It’s important to know that lithium does not occur in elemental form in nature as it’s highly reactive. It is found in hard rocks and brines in compound form. While there are many known lithium-containing rock deposits, lithium is usually produced from pegmatite deposits as these have the largest concentrations of lithium-containing minerals. Spodumene (Li2O, Al2O3. 4SiO2), a lithium mineral derived from pegmatite rock, has a high lithium content in the form of Li2O (8.03%) and is, therefore, the most widely exploited for lithium. The lithium reserves in million tonnes are estimated by considering an average percentage of Li2O in lithium-bearing deposits such as pegmatites.

Lithium is also extracted from brines of some very salty lakes, again in compound form.

The lithium-containing salt brines or rock deposits are processed/treated to remove unwanted contents. The next process is the conversion into lithium carbonates through a series of refining and additive processes and then lithium hydroxide with subsequent steps if needed.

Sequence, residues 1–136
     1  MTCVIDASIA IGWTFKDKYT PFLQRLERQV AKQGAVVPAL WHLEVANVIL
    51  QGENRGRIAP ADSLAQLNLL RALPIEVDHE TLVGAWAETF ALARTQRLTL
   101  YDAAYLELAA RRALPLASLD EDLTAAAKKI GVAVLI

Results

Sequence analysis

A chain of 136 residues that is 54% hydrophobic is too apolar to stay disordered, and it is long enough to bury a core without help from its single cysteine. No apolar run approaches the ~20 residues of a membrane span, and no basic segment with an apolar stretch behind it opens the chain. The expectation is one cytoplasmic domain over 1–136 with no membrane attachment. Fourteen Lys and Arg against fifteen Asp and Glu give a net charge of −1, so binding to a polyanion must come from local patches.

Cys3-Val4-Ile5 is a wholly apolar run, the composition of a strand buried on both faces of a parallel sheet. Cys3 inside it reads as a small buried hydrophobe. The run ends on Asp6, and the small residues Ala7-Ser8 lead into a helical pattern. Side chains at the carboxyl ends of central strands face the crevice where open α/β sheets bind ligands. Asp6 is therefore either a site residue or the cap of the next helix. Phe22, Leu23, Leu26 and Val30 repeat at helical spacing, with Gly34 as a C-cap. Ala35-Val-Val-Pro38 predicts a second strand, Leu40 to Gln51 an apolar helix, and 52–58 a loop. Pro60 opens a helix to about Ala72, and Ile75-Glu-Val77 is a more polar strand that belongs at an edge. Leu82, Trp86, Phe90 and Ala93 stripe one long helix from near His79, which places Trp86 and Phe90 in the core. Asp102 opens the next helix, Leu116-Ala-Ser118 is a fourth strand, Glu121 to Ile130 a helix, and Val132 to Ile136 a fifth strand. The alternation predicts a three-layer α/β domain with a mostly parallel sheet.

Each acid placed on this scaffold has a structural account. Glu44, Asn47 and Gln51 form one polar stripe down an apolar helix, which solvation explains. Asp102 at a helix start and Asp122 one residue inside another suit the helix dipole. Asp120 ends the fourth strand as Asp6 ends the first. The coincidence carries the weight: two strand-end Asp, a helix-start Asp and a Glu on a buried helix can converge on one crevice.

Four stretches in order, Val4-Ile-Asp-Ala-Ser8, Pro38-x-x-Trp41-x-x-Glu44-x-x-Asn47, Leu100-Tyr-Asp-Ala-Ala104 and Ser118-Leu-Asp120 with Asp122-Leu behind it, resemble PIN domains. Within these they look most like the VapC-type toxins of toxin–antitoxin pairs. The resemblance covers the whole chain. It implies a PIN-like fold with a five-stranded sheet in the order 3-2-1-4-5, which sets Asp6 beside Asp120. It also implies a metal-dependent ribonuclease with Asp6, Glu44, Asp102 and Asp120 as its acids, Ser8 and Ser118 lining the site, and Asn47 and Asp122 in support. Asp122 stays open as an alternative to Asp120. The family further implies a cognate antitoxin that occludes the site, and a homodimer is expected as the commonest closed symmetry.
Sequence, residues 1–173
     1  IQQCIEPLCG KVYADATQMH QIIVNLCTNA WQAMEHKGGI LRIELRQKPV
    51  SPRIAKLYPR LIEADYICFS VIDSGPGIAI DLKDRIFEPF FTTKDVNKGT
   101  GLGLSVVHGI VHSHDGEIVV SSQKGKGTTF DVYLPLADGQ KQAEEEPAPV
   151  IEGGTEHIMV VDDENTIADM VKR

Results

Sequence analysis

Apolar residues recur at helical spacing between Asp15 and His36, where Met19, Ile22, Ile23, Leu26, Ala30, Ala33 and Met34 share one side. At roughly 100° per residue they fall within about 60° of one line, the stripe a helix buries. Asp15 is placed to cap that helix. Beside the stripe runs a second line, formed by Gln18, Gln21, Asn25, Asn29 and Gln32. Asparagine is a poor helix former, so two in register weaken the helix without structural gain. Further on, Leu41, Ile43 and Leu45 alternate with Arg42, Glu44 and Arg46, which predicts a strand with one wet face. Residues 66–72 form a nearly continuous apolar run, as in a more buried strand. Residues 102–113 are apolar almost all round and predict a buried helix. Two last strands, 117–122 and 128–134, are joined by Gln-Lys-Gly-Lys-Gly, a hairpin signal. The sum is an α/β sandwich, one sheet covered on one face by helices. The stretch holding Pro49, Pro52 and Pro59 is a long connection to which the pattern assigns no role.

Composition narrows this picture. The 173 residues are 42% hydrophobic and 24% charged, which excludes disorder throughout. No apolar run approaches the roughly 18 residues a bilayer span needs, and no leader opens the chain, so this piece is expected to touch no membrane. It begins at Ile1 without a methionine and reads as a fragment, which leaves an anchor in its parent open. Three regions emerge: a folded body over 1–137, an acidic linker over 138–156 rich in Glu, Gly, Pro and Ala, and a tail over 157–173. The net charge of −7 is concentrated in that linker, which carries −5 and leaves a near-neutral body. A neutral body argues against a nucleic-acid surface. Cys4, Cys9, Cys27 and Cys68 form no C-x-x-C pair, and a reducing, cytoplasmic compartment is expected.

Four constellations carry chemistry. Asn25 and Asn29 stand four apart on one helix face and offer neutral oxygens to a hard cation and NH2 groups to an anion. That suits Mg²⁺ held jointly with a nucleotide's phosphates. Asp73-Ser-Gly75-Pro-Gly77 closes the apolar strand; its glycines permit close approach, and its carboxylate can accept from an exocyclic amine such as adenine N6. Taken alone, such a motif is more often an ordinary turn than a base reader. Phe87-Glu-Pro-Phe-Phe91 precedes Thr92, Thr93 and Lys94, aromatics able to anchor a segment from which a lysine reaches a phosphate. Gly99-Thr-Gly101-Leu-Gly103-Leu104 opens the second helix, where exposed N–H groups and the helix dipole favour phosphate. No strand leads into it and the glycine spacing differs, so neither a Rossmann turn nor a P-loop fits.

While lithium carbonate finds application in various industries, lithium hydroxide is especially suited for electric vehicle batteries.

Australia tops in annual lithium production capacity, followed by Chile. China is the third-largest producer, hosting around 60% of the world’s battery-grade lithium refining capacity.

Building the capability

Currently, Manikaran Lithium, an arm of New Delhi-headquartered power trading company Manikaran Power Ltd, is perhaps the only company with known progress on lithium refining in India. It is setting up the proposed lithium refinery in Gujarat to produce battery-grade lithium hydroxide. It intends to source high-quality spodumene concentrate from across the world and use locally sourced reagents to make battery-grade lithium hydroxide in India.